The Senate hearing dealing with FDA user fees covered much of the predictable ground, but Sen. Richard Burr (R-N.C.), a frequent critic of the agency, gave voice to the prospect that the user fee-authorizing legislation would incorporate a clawback mechanism for appropriations should the agency fail to meet the goals of the next set of user fee agreements.
The April 4 hearing of the Senate Health, Education, Labor and Pensions Committee was the second in as many weeks for the FDA user fee agreements, and committee Chairman Sen. Lamar Alexander (R-Tenn.) noted that members of the FDA management team had indicated during the previous hearing that a failure to reauthorize the programs by the end of July might force the agency to lay off staff.
Ranking Democrat Sen. Patty Murray (Washington) said she was grateful that "the dark cloud of Trumpcare" did not hang over the meeting, and that she was particularly concerned that the White House had "muzzle[d] the FDA's center directors . . . from being able to discuss the crippling consequences" of the Trump administration's hiring freeze and the regulatory two-for-one executive order.
Burr asked each of the trade association representatives at the hearing whether each of the FDA centers had met the goals agreed upon in the soon-to-expire user fee agreements. Scott Whitaker, president and CEO of the Advanced Medical Technology Association, said that "they've made tremendous progress" toward those goals, but that the Center for Devices and Radiological Health had not met 100 percent of the metrics encoded in the third device user fee agreement.
In contrast, Kay Holcombe, senior vice president for science policy at the Biotechnology Innovation Organization (BIO), said the agency had met 100 percent of the goals in the most recent drug user fee agreement. When asked whether the FDA centers should routinely report their progress on user fee agreements to the committee, the four witnesses indicated their assent.
Burr asked Whitaker about the notion that the agency would need the resources in MDUFA IV to return 510(k) review times to historical norms, and Whitaker said that "anything we can do to return" to those traditionally shorter review times "is important. I think FDA needs to do a better job and we're committed to helping them get there," Whitaker said. Burr retorted that the agency would have made historical improvements had it complied with the requirements found in 1997's Food and Drug Administration Modernization Act.
David Gaugh, senior vice president for science and regulatory affairs at the Generic Pharmaceutical Association, noted that "cooperation between industry and FDA has never been greater," although he added, "We learned a lot from our first agreement" with the agency. Gaugh said the next generic drug user fee agreement contains a no-application-left-behind provision as a means of dealing with the generic drug backlog, explaining that the goal dates for the backlogged applications will depend on priority, albeit without elaboration.
Burr did not initially explain which funds would be clawed back in the event of a failure to meet user fee goals, and Holcombe said BIO would not be supportive "because the vast majority of the [user fee] funds . . . pay for staff at FDA, and a clawback could" cripple product reviews. Burr then clarified that he was referring to appropriations, stating, "I'm going to claw back our money. We don't have to make as bad a deal as you did."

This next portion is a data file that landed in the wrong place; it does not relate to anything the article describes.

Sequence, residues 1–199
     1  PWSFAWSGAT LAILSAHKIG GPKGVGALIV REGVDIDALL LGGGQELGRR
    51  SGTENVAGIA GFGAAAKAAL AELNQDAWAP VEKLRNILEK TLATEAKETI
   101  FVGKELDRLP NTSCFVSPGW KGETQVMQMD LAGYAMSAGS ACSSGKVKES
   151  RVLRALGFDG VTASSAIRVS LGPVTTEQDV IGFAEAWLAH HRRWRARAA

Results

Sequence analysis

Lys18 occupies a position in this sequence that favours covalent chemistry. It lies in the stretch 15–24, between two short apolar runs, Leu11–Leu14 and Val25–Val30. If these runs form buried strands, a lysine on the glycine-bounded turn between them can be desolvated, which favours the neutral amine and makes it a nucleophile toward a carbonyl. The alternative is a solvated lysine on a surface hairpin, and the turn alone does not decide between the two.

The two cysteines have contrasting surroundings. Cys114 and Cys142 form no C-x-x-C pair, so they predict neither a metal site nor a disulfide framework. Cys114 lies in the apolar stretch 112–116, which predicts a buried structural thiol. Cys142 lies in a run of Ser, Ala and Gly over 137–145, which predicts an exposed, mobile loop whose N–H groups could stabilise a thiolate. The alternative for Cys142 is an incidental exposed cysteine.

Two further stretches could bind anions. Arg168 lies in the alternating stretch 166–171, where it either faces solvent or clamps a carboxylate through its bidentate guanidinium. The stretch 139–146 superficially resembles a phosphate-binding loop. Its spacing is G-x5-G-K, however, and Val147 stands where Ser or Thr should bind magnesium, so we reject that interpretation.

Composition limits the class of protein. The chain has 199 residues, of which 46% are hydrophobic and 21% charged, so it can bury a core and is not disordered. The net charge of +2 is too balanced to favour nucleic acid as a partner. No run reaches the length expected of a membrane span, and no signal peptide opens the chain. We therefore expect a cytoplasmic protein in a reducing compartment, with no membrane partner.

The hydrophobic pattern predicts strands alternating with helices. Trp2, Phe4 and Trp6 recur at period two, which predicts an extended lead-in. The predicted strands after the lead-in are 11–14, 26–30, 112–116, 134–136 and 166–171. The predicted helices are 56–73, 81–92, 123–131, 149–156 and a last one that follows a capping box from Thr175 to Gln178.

Holcombe offered no additional comment on the idea, but Whitaker said that "we like the [device user fee] agreement as it is."
Murray noted that U.S. citizens pay more than citizens of other Western countries for prescription drugs because drugmakers need the returns to continue to invest in research and development, but she said a recent analysis by Sloan Kettering suggests the earnings are more than needed to fund R&D.
Murray inquired into transparency of drug prices, and Holcombe said pricing "is complicated. Whether we can improve the transparency" is something BIO would be willing to discuss with Congress, Holcombe said. She stated further that the price charged at the pharmacy "is not the price set by the drug company, but is the price the insurance plan is allowing to happen." She said the recent spike in drug prices was in large part due to new drugs for hepatitis, but noted that soon after those products were introduced, drug price increases began again to run parallel to other cost increases in the health care system.
Murray also took up the device safety issue, stating that duodenoscopes "led to a horrible situation. I think industry can do more to support" medical device safety. She advised, however, that she would continue to work on safety issues, perhaps an indication that she would reintroduce legislation that surfaced in February 2016. Murray declined to offer further detail, however.
Sen. Sheldon Whitehouse (D-Conn.) said he was concerned about user fee funding in the context of combination devices, which are more commonly showing up at the FDA's Office of Combination Products.
Whitehouse indicated an interest in a "third lane" for combination products, but said that "nobody having a vested interest in combination products could lead to a loss of interest."
Holcombe said drug user fee agreements provide funds for staff at the Center for Devices and Radiological Health to assist on combo product applications.
Alexander closed the hearing with remarks intended to assuage concerns over the proposed cuts to the NIH budget. "It is reassuring to remember that presidents' budgets don't ordinarily" survive congressional review, he said, noting that the Obama administration had proposed a $1 billion cut in 2016, but observed, "I think Congress has a pretty firm attitude" on NIH funding, a hint that a proposed increase of $2 billion would likely go through as planned.